The English spelling of the northern Chinese/Korean noodle called chachiang mein takes many forms. I've seen it as jajangmyun or even zha jiang mian, but you'll know you've ordered the right dish when you're served a jet-black sludge that resembles the ocean after the Exxon Valdez spill. At Garden Grove's Peking Gourmet, the chachiang mein actually starts as two dishes. The first bowl contains that tarry sauce, a thick, viscous substance made with fermented black-bean paste stir-fried with microscopic bits of pork and an excessive amount of translucent, diced onions. The second bowl holds nothing but pristine white noodles topped with julienned cucumber. Spoonful after chunky spoonful, you pour the inky stuff from the first bowl into the second, stirring up the tangled mass until every strand is stained and uniformly coated by that flavorful muck.
Your meal is ready when it begins to resemble spaghetti the citizens of Bizarro World would eat. Not only is the crude-oil color unlike anything you previously thought was edible, but it's also salty instead of sour, onion-y instead of garlicky, the whole thing a funky kind of wonderful. A "three flavor" option upgrades the basic model with sea cucumber, shrimp and squid, but you'll slurp it as you would any other pasta, inhaling the contents of the bowl in a continuous stream, your chopstick becoming a primitive shoveling device. You realize after you finish your first insanely gigantic serving that it'll take week to burn off all those carbohydrates, but you'll be back—oh, you'll be back.
The next time, you'll order the jjampong, which Peking Gourmet simply calls "hot noodle." It takes the same chewy, wheat-based strands and submerges them in a broth as bright red as molten steel—and just as dangerous. Tuck a napkin into your shirt collar before starting or you'll risk looking as though you've been hit with arterial splatter. Though it's a soup, not a sauce, this crimson liquid is prepared just as the chachiang mein, beginning in a blazing wok in which leeks, cabbage, carrots, whole chile pods, squid and shell-on shrimp are seared in a stir-fry before being quenched by ladles of seafood broth. Fistfuls of Korean chili powder then tint everything a deep red, resulting in a broth equal parts smoky, assertively spicy and pungent of garlic—and immensely thrilling to sip.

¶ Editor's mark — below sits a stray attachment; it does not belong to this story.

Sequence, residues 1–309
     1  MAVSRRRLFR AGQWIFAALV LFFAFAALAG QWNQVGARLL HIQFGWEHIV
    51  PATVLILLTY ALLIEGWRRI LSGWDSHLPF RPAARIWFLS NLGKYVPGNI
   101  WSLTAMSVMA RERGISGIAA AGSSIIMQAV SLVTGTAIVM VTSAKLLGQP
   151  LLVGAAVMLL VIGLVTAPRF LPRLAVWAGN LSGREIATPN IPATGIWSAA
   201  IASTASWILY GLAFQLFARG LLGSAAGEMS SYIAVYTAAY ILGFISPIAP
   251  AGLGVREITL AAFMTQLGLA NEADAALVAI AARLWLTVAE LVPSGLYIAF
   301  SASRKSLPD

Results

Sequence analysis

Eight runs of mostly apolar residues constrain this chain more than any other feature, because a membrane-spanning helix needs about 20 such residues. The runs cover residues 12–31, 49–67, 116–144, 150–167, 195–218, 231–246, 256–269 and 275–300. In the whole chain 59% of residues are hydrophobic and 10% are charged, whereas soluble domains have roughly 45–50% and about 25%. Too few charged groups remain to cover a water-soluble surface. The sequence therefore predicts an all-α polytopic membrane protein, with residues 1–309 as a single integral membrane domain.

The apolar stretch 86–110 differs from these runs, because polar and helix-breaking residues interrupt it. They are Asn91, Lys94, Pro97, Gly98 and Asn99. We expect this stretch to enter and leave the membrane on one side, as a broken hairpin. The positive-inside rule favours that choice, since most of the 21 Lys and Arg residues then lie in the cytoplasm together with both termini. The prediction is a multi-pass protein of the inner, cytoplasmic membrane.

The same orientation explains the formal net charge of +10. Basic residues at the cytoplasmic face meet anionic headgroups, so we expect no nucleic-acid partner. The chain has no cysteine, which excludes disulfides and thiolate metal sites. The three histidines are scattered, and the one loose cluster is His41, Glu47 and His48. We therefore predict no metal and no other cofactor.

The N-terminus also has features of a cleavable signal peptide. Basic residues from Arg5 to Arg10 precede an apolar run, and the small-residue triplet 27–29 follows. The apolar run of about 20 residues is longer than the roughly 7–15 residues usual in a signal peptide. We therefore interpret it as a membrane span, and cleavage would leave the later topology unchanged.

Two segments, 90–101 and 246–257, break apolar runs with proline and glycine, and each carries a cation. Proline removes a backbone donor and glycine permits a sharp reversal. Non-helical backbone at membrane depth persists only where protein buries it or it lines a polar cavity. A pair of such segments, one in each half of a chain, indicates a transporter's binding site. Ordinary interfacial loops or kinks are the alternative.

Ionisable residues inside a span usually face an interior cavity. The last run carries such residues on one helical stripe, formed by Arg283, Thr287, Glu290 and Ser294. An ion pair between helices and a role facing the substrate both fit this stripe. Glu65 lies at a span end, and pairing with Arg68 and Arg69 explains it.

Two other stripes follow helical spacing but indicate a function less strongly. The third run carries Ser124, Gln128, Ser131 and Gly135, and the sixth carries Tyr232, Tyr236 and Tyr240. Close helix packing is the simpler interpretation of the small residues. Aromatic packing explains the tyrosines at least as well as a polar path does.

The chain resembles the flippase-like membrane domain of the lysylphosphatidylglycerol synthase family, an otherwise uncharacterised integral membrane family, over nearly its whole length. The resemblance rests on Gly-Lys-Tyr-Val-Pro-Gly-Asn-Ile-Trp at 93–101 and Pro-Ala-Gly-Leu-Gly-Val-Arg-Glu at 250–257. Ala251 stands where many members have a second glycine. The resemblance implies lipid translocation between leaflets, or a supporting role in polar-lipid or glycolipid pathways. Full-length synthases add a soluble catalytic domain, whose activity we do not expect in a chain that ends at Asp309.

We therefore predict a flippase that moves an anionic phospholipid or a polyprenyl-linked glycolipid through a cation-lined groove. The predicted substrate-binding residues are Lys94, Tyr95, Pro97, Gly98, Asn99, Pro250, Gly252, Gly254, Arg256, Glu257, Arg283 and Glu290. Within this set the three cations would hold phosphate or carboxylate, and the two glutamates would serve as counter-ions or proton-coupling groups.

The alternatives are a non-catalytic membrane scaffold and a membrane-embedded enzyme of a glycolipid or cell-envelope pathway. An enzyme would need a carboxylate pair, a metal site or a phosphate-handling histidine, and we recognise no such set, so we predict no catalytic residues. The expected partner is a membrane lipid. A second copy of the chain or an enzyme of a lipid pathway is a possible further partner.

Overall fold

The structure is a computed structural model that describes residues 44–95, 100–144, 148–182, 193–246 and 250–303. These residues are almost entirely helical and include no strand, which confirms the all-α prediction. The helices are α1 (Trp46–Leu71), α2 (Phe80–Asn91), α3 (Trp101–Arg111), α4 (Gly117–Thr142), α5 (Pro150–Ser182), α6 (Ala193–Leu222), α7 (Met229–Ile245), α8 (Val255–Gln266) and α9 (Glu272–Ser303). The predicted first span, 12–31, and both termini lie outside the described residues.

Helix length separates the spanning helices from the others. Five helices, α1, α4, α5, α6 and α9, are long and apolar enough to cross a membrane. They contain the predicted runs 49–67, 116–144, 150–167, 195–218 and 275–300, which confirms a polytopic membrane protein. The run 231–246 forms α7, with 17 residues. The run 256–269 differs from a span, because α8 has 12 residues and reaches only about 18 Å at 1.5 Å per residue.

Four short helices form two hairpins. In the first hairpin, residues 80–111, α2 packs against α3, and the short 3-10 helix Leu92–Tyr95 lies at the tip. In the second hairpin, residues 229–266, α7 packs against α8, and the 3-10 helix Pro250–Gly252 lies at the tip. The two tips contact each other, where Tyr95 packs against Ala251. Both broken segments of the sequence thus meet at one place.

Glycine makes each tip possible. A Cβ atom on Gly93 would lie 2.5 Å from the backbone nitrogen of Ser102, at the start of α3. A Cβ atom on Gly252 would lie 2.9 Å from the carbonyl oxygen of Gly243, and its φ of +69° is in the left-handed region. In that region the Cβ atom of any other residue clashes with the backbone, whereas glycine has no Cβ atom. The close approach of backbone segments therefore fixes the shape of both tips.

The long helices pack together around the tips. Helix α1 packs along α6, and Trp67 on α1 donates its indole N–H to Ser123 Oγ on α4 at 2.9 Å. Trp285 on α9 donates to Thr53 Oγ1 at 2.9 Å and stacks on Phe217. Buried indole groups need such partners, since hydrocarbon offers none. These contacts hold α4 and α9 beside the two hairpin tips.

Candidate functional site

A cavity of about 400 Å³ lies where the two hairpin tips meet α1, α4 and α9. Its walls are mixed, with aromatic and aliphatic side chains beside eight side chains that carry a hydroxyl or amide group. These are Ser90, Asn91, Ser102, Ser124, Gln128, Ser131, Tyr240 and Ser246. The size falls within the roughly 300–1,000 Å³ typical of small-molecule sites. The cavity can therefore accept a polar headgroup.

Peking Gourmet, 9092 Garden Grove Blvd., Ste. A, Garden Grove, (714) 539-5301; www.peking-gourmet.com. Open Wed.-Mon., 11:30 a.m.-9:30 p.m. Dinner for two, $20-$30, food only. Beer and wine.
Peking Gourmet is old-school old school, opening in 1985 as a Chinese restaurant, then turning into a Korean-style Chinese restaurant once Garden Grove's Little Seoul District began to emerge. And since that time, its regulars know the only reason you should deviate from these two noodle dishes is to order the fried shrimp with hot garlic sauce. They also know that doing so requires at least three other people to help with the portion size, since it's a wedding-banquet dish of shrimp capable of feeding a table of 10. But time is of the essence. Each morsel is encased in thick batter, raucously crunchy for a few minutes, but getting progressively soggier every second it sits in its sharp, chili-flecked, cornstarch-thickened gravy. If you can't finish it in one sitting, don't bother taking it home—it'll be mush before you leave the parking lot.
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Should you decide to explore the rest of the menu, try the sweet-and-sour beef, a too-chewy-but-still-satisfying Korean-style rendition that has deep-fried battered nubs of steak tossed in a gloopy brown sauce that carries the same tang of the usual DayGlo orange stuff you're used to. Expect everything else to be a carbon copy of chop suey from every Cantonese staple your grandparents enjoyed in their youth. Among the moo-shu-this and kung-pao-that, there's a silky broccoli beef, sizzling rice soup and a pupu plate featuring a damp char siu-style pork rib that needed to be caramelized a bit more.
If you're Asian, the hostess will greet you in Korean, and then switch to Mandarin if she doesn't get a response. And when you sit down, there will be a saucer of raw onion petals you're supposed to dip in black-bean paste as though they are chips and some kimchi to nibble on in between bites. The latter will be one of the few hints that Peking is actually Garden Grove's preeminent Korean-Chinese restaurant . . . well, except for all the Korean people around you.
This review appeared in print as "Chachiang-Cha-Changes: Peking Gourmet's Korean-style Chinese noodle dishes remain old-school Little Seoul."